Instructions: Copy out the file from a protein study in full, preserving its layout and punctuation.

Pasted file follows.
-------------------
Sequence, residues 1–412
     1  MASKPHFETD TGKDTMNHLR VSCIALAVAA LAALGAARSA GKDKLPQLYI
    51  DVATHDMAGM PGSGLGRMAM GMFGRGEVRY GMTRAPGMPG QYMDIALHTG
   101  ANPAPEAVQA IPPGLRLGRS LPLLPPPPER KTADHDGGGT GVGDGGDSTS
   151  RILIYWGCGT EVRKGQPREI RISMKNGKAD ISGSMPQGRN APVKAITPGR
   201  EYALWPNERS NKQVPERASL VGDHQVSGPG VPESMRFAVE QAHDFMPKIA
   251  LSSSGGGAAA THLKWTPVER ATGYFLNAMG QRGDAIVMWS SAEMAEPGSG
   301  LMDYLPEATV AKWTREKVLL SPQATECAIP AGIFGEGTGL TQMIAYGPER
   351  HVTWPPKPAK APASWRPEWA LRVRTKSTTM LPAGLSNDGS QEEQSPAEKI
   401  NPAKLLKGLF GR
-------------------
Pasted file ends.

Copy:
Sequence, residues 1–412
     1  MASKPHFETD TGKDTMNHLR VSCIALAVAA LAALGAARSA GKDKLPQLYI
    51  DVATHDMAGM PGSGLGRMAM GMFGRGEVRY GMTRAPGMPG QYMDIALHTG
   101  ANPAPEAVQA IPPGLRLGRS LPLLPPPPER KTADHDGGGT GVGDGGDSTS
   151  RILIYWGCGT EVRKGQPREI RISMKNGKAD ISGSMPQGRN APVKAITPGR
   201  EYALWPNERS NKQVPERASL VGDHQVSGPG VPESMRFAVE QAHDFMPKIA
   251  LSSSGGGAAA THLKWTPVER ATGYFLNAMG QRGDAIVMWS SAEMAEPGSG
   301  LMDYLPEATV AKWTREKVLL SPQATECAIP AGIFGEGTGL TQMIAYGPER
   351  HVTWPPKPAK APASWRPEWA LRVRTKSTTM LPAGLSNDGS QEEQSPAEKI
   401  NPAKLLKGLF GR